The Board and CEO: Partners in Progress
by Jeff Rendel, Certified Speaking Professional
“What’s the real-world role between a board and its CEO?” is a question often posed by board members and CEOs at director’s conferences around the land. A constant answer – with the intent of keeping all things Ockham’s Razor clear-cut – is “The CEO relies on his or her board for guidance just as much as that board relies on its CEO for execution. Focus your efforts and expectations on that central dynamic and you will achieve exceptional results from both parties.” These in mind, consider adding or enhancing the following elements to the forces at work between your Board and CEO.
If You Are the CEO:
Streamline and Support. Keep your reports straightforward and strategic, ensuring that your Board understands the drivers of earnings, profitability, and capitalization, as well as your credit union’s ability to sustain growth. Keep your Board members refreshed and on top of matters, especially as new developments present operational and strategic opportunities. Also, find the precise balance between strategy, tactics, and drilled-down details with an understanding that your Board wants assurance that daily activities will lead to strategic success.
Go one on one. Get to know each of your Board members, independently, taking the time to discover their personal and professional side. “Sit” on their side of the table, seeking an understanding of their reasons for sitting on your Board. Appreciate each of your Board member’s drivers and aspirations, discovering their vision for your credit union.
Engage your Board members. Expect questions from your Board members, making certain that you hear the thoughts and opinions of all. Encourage your Board members to gain industry expertise, allocating funds for conferences and certifications. Help your Board members be informed advisors through continuing education and meaningful participation.
Strive for accord. Prepare for both sides of an argument, knowing that consensus may involve compromise in order to move forward. Leave more time for discussion than presentation in your Board meetings, recognizing that strategic conversations about direction are often more important than last month’s operational details.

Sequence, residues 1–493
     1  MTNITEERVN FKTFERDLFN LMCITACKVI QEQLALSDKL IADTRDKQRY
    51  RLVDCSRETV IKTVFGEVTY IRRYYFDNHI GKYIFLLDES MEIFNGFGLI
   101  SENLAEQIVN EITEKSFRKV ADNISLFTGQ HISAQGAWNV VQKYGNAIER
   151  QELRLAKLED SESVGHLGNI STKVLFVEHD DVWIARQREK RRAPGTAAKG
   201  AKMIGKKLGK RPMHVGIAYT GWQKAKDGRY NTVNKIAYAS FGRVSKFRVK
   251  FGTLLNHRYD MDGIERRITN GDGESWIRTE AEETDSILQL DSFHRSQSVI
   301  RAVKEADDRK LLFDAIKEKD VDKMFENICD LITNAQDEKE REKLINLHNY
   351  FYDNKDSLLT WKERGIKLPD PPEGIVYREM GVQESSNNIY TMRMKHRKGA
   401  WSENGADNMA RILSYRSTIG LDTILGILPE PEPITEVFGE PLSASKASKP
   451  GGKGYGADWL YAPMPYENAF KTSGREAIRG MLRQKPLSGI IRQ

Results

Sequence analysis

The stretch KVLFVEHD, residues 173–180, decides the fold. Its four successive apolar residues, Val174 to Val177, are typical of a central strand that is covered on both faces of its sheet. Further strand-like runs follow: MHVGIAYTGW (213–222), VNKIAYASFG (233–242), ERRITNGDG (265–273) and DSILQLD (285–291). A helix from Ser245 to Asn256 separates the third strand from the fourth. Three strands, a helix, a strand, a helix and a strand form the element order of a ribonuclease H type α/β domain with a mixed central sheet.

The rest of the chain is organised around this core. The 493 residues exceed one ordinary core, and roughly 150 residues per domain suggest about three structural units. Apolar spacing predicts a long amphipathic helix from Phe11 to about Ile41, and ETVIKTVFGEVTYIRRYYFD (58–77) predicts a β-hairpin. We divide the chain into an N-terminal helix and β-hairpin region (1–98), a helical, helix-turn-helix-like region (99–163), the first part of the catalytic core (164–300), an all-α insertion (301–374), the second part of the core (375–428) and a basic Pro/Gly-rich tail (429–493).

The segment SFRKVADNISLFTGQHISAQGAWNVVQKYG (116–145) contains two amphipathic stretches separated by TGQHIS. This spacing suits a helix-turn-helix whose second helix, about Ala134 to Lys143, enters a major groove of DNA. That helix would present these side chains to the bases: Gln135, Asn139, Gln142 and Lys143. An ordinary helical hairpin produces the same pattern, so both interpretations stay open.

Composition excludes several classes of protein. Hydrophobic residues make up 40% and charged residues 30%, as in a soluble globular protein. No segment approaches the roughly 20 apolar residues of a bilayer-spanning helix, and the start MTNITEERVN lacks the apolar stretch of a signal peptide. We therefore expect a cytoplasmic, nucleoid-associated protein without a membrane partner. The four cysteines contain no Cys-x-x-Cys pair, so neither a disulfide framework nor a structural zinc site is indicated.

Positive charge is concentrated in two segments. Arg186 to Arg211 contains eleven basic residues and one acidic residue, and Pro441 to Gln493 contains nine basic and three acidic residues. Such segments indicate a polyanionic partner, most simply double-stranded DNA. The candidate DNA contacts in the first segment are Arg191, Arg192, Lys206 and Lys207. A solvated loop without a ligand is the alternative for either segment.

Be transparent. Share the good news and the bad news with your Board, unsullied. Its support helps you lead your credit union through all environments. Spring no surprises, giving your Board full disclosure. Learn what your Board wants from your credit union, discovering its perspective as representatives of the very members you serve.
If You Are on the Board:
Answer the question, “What’s required to be our CEO?” Determine your non-negotiables, defining what is required to be your credit union’s CEO. Work with your CEO on his or her strategic career growth, obtaining for your CEO the training and expertise he or she will need to lead your credit union’s strategic future.
Discover your CEO’s vision for the credit union. Where would he or she like to lead your credit union? What is required for that vision to begin and to be realized? How does your CEO’s vision match your Board’s collective vision for your credit union?
As a full Board, determine what you want your credit union to be and why that vision is necessary for your members. With your CEO, develop objectives to achieve what’s right and relevant for your members. Task your CEO with developing, explaining, and executing strategies. Regularly, review measures of progress to gauge your credit union’s strategic success.
Commit to being a wisely engaged board. Provide insight, advice, and support to your CEO. Conduct useful, two-way discussions about key decisions. Define areas where your Board wants to be very engaged, and areas where updates and information are the norm. Strategically, accept that permanence requires mobility; relevance requires innovation; and growth requires change.
Remain “big picture” while your CEO remains operationally focused. One progressive board at a West Coast credit union abides by a philosophy that it (the board) is responsible for establishing the “Why” and “What” for the credit union’s strategic objectives; the CEO is responsible for developing and executing strategies that involve the “How,” “Where,” “Who,” “When,” and “How Much?” As a full Board, concentrate on establishing objectives that support your credit union’s mission, and task your CEO with developing strategies and standards that are realistic and quantifiable.
The relationship between a board and its CEO is reciprocal; both necessitate assistance and action from the other in order to thrive. As your credit union continues to grow in governance and management, seek valuable ways to be jointly active and removed in the roles you accept and oversee. In the end, you will find success for both your Board and CEO, as both parties partner for progress, ensuring ongoing accomplishment for your credit union.
Jeff Rendel, Certified Speaking Professional, and President of Rising Above Enterprises works with financial services providers that want elite results in leadership, sales, and strategy. Each year, he addresses and facilitates for more than 100 credit unions and their business partners.